6, This statement makes me want to throw up, “Remember, if it wasn’t for the U.S you would be speaking Japanese, German, Russian or Chinese”. No wonder most of the planet think your country sucks.

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    cohenite

    On the other hand the US makes great movies.

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    janama

    so do we.

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    janama

    The Philippines asked us to leave and we did. Their economy suffered because of it.

    surely that explains my point – don’t f**k with the US as they will screw your economy and they are global.

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    allen mcmahon

    “Everybody’s worried about stopping terrorism. Well, there’s a really easy way: stop participating in it.”

    Noam Chomsky

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    wes george

    Allen,

    Get real man. The only way you or I are ever going to participate in terrorism is to get blown up by a terrorist! Chomsky’s advice is in itself a kind of rhetorical terrorism. For it morally equates the mass murderer with his victims. It implies the victims of terrorism willingly submit to being murdered because they provoke the terrorists into killing them.

    It’s the same sociopathic reasoning behind the imams who claim that women who dress in western styles provoke men to rape them.

    Everybody’s worried about stopping rape. Well, there’s a really easy way; stop participating in it. It’s worse than nonsense, mate. It’s hate speech disguised as erudition.

    Allen, if you’re reading Noam Chomsky without the prerequisite post-graduate background in logic, philosophy and history then you will do yourself irreparable cognitive damage. I hope my warning isn’t too late.

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    BobC

    Bulldust:

    The USA is the only country that had the ability to create a world empire but declined to do so, and supported independence and freedom for others instead. (We may well be the only one history will ever see.)

    This makes us the enemy of everyone who yearns for domination (e.g. Chavez) — either of the world or only their corner of it.

    There is much criticism of the United States because it is free, easy, and carries no risks. (See wes george’s post at #126 about Piss-Christ vs. burning Korans.) The perfect target of authoritarians looking for a scapegoat. There are always some people who can be swayed into giving up their freedom — freedom requires responsibility and is scary.

    Try to imagine a world where Islam ruled (instead of the principles the US tries to promote) before you casually decide which side to come down on.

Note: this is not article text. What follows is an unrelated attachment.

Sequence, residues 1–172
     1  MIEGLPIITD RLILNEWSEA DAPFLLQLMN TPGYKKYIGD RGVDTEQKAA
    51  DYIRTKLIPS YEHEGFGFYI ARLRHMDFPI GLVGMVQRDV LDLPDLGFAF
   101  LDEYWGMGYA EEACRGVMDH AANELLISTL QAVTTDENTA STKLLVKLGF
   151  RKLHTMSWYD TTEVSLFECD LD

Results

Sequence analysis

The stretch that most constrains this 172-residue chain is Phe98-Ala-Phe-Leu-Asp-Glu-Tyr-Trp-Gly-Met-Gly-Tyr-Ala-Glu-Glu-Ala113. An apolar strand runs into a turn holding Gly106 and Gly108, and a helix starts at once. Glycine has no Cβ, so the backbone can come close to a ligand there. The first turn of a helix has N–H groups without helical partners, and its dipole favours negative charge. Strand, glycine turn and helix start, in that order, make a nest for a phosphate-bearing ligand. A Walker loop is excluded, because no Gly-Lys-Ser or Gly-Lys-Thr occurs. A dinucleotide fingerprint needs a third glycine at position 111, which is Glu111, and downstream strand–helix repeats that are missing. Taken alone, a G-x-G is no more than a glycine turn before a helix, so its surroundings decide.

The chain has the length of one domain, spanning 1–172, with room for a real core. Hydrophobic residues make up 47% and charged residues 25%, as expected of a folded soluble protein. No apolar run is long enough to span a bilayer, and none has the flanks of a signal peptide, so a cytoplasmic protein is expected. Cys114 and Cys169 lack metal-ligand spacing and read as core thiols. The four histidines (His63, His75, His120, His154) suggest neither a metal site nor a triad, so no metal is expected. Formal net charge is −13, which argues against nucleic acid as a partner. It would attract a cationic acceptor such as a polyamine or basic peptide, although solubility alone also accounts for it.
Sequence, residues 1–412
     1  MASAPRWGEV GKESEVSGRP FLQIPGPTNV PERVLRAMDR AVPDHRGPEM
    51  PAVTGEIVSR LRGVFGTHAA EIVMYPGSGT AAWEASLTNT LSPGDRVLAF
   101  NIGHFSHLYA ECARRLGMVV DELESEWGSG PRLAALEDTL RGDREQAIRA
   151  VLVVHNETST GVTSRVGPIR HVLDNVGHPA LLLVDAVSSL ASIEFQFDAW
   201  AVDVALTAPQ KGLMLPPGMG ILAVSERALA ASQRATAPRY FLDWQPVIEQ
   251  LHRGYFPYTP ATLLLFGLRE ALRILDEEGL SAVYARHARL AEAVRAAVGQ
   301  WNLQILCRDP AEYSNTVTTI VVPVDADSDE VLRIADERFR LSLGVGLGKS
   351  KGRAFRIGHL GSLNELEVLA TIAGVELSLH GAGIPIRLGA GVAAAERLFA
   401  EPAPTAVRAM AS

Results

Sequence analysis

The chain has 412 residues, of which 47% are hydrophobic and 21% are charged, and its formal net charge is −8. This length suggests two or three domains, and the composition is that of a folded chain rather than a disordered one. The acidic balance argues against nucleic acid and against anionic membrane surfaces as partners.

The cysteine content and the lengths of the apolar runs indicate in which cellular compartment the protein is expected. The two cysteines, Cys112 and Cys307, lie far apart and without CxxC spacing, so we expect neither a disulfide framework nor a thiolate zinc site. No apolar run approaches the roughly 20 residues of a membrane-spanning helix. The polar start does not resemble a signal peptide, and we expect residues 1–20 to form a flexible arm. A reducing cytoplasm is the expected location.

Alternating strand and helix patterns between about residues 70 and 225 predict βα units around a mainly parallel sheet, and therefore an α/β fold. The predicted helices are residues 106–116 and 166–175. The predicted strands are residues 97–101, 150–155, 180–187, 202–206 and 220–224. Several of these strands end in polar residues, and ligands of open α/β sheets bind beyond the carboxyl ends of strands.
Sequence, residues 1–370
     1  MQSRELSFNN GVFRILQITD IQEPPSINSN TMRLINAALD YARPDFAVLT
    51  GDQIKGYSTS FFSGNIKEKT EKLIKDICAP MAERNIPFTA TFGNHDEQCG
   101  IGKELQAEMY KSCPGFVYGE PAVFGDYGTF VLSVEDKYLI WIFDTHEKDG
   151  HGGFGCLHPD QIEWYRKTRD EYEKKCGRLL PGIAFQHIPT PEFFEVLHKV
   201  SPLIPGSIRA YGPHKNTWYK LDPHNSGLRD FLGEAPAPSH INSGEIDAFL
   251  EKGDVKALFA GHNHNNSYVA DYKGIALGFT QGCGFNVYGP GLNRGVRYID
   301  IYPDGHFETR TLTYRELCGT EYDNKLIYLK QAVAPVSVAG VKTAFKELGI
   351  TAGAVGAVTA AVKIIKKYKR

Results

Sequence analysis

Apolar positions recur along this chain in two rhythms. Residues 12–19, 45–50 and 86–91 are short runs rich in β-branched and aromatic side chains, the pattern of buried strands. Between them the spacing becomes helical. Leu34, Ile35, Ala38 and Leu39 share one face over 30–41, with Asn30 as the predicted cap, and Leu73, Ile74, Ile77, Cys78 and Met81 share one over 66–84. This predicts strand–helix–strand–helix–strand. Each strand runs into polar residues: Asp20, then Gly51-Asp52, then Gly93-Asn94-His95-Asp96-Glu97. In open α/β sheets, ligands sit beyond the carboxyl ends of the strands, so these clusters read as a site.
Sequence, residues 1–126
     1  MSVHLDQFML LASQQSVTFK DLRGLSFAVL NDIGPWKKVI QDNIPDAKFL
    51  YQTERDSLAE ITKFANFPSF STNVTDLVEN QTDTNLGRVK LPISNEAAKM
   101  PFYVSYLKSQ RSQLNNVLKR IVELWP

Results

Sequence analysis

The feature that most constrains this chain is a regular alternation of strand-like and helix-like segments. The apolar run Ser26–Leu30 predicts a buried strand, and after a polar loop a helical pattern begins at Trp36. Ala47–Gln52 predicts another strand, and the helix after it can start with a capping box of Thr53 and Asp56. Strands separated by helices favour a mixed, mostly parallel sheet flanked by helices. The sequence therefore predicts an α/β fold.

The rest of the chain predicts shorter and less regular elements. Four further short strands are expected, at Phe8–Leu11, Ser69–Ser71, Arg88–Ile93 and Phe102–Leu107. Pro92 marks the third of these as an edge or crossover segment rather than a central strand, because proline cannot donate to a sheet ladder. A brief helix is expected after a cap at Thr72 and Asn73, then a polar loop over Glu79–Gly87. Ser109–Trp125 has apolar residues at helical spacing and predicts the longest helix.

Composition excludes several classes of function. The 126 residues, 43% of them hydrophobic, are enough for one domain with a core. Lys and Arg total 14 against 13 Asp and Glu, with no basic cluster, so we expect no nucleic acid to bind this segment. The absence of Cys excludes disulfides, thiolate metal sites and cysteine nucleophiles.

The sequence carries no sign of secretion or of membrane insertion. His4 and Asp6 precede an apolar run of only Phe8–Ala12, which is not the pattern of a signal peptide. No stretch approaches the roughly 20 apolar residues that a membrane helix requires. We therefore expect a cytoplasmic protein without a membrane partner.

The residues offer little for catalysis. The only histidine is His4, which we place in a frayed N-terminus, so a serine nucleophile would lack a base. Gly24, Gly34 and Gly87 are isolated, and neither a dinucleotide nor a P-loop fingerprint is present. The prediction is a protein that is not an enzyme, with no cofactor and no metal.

Bulldust:
    September 9th, 2010 at 11:03 am

    I ain’t going to start a flame war because I sit very much in the middle politically speaking, but the US is somewhat myopic as a society when it comes to foreign affairs.

    What do you suggest? We should behave more like Rome? What the US is doing has never been tried before in history — trial and error is inevitable. I think you are the myopic one.

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    Mark D.

    Gentle folks, please, lets not let this get ugly. This US citizen truly believes the world is what we have today because we all came together to deal with the historic “wrongs”. Is the world perfect yet? NO. Have we been able to change troublesome tendencies of human nature? NO. Are we still trying? I believe so……

    I would happily toss keys to our “world police car” to any country that could drive it. That car handles badly, goes too slow and costs way too much for fuel and repairs. I’m tired of paying for it.
    Any takers?
    I think probably not…..

    Imagine what would happen if we just junked the “car” and let things work themselves out……I think the UN can take care of things.

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    cohenite

    janama, I’ve been chewing over what you said as this thread takes a u-turn to gringo lynch-ville and, being a bit of a cinemaphile, I’ve considered what you said about the Australian movie industry.

    I’ve got a personal collection of several hundred movies; imo the best Australian movie about Australia is Wake in Fright; unlike most of the Australian efforts its insights and flavour aren’t filtered through a sensibility which begins at Erskenville and ends at Paddington.

    Too many Australian movies are made to satisfy a pc criteria and at best patronise the Australian character as being eccentric in that laconic Chips Rafferty way. Having said that, Australian movies about genuine characters such as Shine, Muriel’s Wedding and Chopper, bypass such constraints and are world class. Apart from a few others such as The Boys most of the rest of the acclaimed ones barely get past cute.

    But I’m willing to listen to any other suggestions you may care to make.

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    Bob Malloy

    Gentlemen, “for give me for my sexism if any women are participating in the debate on the pro’s and con’s of America”.

    I believe this debate has gone beyond the point of civility, it may be time we all got back on subject before respect for fellow posters here becomes a casualty.

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    wes george

    Cohenite,

    I haven’t seen Wake in Fright yet. Shame on me. My favorite is A Sunday Too Far Away, but maybe that’s because I own a couple of sheep and I’m grotesquely nostalgic…

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    crakar24:
    September 9th, 2010 at 7:34 pm

    Ed,
    I have too much respect for you to take this too much further….stuff it.